Seminar | October 13 | 2-3 p.m. | 180 Tan Hall
Prof. Jairo Velasco, Jr., UC Santa Cruz, Physics
Dirac fermions have coexisting electron-hole states and exhibit angular anisotropy when transmitting through a potential barrier. Because of these attributes, electrostatically confined Dirac fermions are fundamentally different from similarly trapped Schrödinger fermions. In particular, these confined charge carriers are predicted to exhibit new states with properties that depend strongly on their angular momentum, the integrability of their confinement potential, and whether they are massless or massive.
Several recent experiments have investigated confined states within integrable structures for massless Dirac fermions. However, the spatial behavior of states with high angular momentum and within non-integrable structures remains unexamined. In addition, experiments on confined massive Dirac fermions are lacking despite numerous intriguing theoretical predictions for these charge carriers.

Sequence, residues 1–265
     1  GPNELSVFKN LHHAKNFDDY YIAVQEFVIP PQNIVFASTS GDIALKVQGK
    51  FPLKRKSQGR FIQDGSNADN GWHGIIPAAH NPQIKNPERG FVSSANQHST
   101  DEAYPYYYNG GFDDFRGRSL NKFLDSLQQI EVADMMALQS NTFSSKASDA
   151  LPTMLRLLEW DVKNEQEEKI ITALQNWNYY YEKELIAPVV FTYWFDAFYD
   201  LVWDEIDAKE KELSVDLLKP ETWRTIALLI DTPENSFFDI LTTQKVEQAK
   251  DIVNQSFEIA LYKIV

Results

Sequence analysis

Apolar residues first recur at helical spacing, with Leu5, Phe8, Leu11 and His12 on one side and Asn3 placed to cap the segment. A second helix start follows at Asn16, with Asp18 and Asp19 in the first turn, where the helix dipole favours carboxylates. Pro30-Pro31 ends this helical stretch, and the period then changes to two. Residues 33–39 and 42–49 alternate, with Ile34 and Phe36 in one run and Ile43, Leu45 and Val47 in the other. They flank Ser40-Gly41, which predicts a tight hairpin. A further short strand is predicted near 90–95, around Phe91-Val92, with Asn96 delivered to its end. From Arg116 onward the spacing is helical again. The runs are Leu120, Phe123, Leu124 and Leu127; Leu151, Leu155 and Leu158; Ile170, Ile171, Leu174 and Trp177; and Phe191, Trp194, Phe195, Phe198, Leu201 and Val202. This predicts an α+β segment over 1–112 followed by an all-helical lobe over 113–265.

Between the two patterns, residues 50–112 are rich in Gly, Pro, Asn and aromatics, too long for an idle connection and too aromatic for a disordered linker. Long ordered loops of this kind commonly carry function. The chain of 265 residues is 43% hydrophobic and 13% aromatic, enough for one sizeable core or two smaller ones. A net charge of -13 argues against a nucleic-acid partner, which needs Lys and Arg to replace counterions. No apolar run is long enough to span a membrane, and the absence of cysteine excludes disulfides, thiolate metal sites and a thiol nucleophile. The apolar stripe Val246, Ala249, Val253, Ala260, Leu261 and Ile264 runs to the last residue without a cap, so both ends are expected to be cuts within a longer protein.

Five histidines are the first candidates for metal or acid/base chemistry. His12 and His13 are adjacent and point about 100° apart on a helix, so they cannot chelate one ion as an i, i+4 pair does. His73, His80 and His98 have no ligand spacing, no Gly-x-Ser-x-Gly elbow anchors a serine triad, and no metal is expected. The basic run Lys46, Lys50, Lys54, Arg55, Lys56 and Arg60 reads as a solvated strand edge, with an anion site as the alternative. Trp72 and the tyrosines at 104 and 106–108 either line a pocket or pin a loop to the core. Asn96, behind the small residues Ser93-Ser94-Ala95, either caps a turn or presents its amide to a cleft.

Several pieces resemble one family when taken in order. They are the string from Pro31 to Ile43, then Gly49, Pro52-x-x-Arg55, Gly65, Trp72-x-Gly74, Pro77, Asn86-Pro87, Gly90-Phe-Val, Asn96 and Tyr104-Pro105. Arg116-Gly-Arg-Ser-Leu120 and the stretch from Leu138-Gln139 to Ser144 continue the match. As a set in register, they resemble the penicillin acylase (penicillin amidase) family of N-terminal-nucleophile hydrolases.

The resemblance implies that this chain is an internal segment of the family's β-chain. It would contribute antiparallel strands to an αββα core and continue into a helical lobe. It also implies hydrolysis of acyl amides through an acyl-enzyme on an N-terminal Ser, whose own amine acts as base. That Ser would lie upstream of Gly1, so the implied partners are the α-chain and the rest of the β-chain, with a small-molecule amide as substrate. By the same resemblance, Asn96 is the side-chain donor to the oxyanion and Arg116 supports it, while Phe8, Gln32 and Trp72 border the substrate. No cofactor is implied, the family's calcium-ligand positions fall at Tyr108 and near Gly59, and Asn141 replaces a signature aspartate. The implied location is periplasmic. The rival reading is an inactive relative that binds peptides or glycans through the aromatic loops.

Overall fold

In this talk I will discuss experiments that use scanning tunneling microscopy (STM) to map the behavior of electrostatically confined Dirac fermions at the nanoscale. Our confinement potentials were realized by manipulating defect charge within boron nitride (BN) crystals to create pn junctions on graphene (or bilayer graphene)/BN heterostructures.
First, for circular graphene pn junctions we resolved Chladni-like figures by accessing high angular momentum states. Subsequently, by merging three of these circular pn junctions we realized a stadium structure and observed quantum interference patterns that are vastly different from circularly confined Dirac fermions. Finally, by using pn junctions on bilayer graphene/BN heterostructures, we imaged the response of electrostatically confined massive Dirac fermions.
The techniques and findings presented here open the door to highly controlled studies on the ergodicity of confined Dirac fermionsgate tunable Dirac billiards.